But for those want a more uniform look to their leather, imperfections make full-grain leather a less appealing option than top grain leather.

imperfections full grain leather

2. Weight

As we’ve mentioned, full grain leather uses the whole thickness of the animal hide.

This helps with durability, but it does make a full grain leather good heavier than alternatives.

If you’ve never had a full grain leather good before, the weight might be a little more than you are expecting.

We recommend looking closely at the weight of a full grain leather good before you buy and compare it to the weight of what you currently use.

If it is significantly heavier, look closely at the quality of carrying straps offered. 

And perhaps bear in mind how much you are planning to carry it. If you have a short commute, you’ll have no problems.

But if you have a long walk to work, you might be better off with a more comfortable backpack.

3. Price

Full grain leather is usually a more expensive option than other types of leathers.

It is more expensive for a manufacturer to purchase.

It can be difficult to find hides that are not too visibly damaged and can be worked with as no sanding is permitted.

Full grain is also more difficult to work with as no chemical processes are permitted. It’s tougher and more difficult to manipulate than other leathers.

This causes labor costs when working with full grain to be higher.

These costs are then passed on to the end consumer in the price you pay.

Many see quality leather goods as an investment. So price might not be too much of a concern when you can have confidence that your full-grain leather product can last for deacdes.

Full Grain Leather vs Top Grain Leather

Top grain leather (sometimes called corrected grain leather) has the very top layer of the hide sanded or shaved away to remove marks or imperfections from the hide.

This makes top grain leather suitable for those who want a uniform surface on their leather goods.

Imitation grains are sometimes added to top grain to give it the natural, yet uniform look that customers want.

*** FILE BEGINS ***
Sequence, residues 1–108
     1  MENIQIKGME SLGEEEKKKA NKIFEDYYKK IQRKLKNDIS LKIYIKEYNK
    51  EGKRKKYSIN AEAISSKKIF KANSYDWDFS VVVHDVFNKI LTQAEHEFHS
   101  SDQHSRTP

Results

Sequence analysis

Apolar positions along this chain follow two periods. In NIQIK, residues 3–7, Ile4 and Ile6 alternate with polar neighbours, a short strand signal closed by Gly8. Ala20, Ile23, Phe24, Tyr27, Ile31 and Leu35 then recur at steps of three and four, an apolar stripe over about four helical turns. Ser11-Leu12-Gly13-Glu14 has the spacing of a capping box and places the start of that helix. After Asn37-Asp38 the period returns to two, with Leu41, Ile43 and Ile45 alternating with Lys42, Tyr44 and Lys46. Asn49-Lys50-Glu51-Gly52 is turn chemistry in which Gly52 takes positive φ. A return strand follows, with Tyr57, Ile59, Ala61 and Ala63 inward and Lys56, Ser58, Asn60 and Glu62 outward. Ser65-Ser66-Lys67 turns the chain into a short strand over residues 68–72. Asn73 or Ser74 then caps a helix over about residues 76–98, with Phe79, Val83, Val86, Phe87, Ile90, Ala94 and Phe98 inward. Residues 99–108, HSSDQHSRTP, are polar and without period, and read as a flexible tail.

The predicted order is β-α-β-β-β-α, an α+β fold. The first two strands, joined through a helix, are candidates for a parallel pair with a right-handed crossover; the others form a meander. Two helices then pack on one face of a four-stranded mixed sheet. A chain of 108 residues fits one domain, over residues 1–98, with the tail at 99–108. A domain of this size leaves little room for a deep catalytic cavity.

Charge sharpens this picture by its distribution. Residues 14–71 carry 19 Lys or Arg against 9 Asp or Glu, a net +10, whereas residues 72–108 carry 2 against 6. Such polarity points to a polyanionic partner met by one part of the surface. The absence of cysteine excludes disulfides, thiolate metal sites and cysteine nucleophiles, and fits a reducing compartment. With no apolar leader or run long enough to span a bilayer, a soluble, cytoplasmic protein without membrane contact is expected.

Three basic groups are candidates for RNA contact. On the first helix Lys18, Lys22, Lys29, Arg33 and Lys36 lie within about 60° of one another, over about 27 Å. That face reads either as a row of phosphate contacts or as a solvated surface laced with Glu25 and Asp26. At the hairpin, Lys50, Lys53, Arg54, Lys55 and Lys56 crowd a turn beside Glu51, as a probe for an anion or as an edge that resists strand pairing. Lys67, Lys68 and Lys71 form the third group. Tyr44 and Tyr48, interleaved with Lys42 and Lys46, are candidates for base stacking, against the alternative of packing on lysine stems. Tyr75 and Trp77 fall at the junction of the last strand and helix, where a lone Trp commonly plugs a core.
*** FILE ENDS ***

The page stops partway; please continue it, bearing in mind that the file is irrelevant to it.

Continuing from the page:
We find these leather bags are often suitable for doctors and attorneys that need a pristine looking leather briefcases for work.

full grain leather vs top grain leather

A finishing coat is applied to top grain leather to protect the leather from marks that would appear in full grain.

Whilst this is appealing for many, it should be noted that this prevents a patina from forming.

It would not be correct to say that top grain leather goods develop with age.

Top grain leather is typically less durable than as full-grain leather.

It will typically not last as long as the full thickness of the leather is not used.

Some natural grains are taken away which reduce the water resistance and strength of top grain goods.

However, top grain leather is still much stronger than genuine leather or fake leather alternatives, like PU leather. And it’s often suitable to be embossed on because of the uniform look.

This is because a single sheet of top layer strong animal hide is still used.

Most of the qualities of natural leather are still present.

You would still expect a top grain leather good to last for decades.

Top grain leather is also generally less expensive than full-grain leather alternatives as it is easier to work with and source for manufacturers which is reflected in the price to customers.

full grain leather vs top grain leather

Full Grain Leather vs Genuine Leather

When compared to full grain leather, genuine leather is not as durable or strong.

Genuine leather is slightly misleading in its name – whilst it is real leather, it is the lowest quality real leather you can buy.

It is difficult to say exactly what genuine leather actually is. This is because it has become essentially a catch-all term for any good that contains even a small percentage of real leather.

Genuine leather can even include things like bonded leather (this is many tiny bits of scrap leather combined together to make a larger piece of leather).

Bonding agents and other chemicals are often added.

And imitation grains are applied to make genuine leather look natural.

full grain leather vs genuine leather

To the untrained eye, it can be very difficult to spot the differences between genuine and top grain leather.

That's why we recommend asking the manufacturer for the grade of leather before buying anything marked as leather.

Generally, if a good is listed as genuine leather, we would recommend asking for more information before consideration.

We personally stay away from any goods that are listed as genuine leather as you simply cannot 100% know what you are buying.

Full grain and top grain are the only guarantees of quality. 

Genuine leather could really be anything.

But in our experience, it is often the cheapest to source for the manufacturer and is not built to last.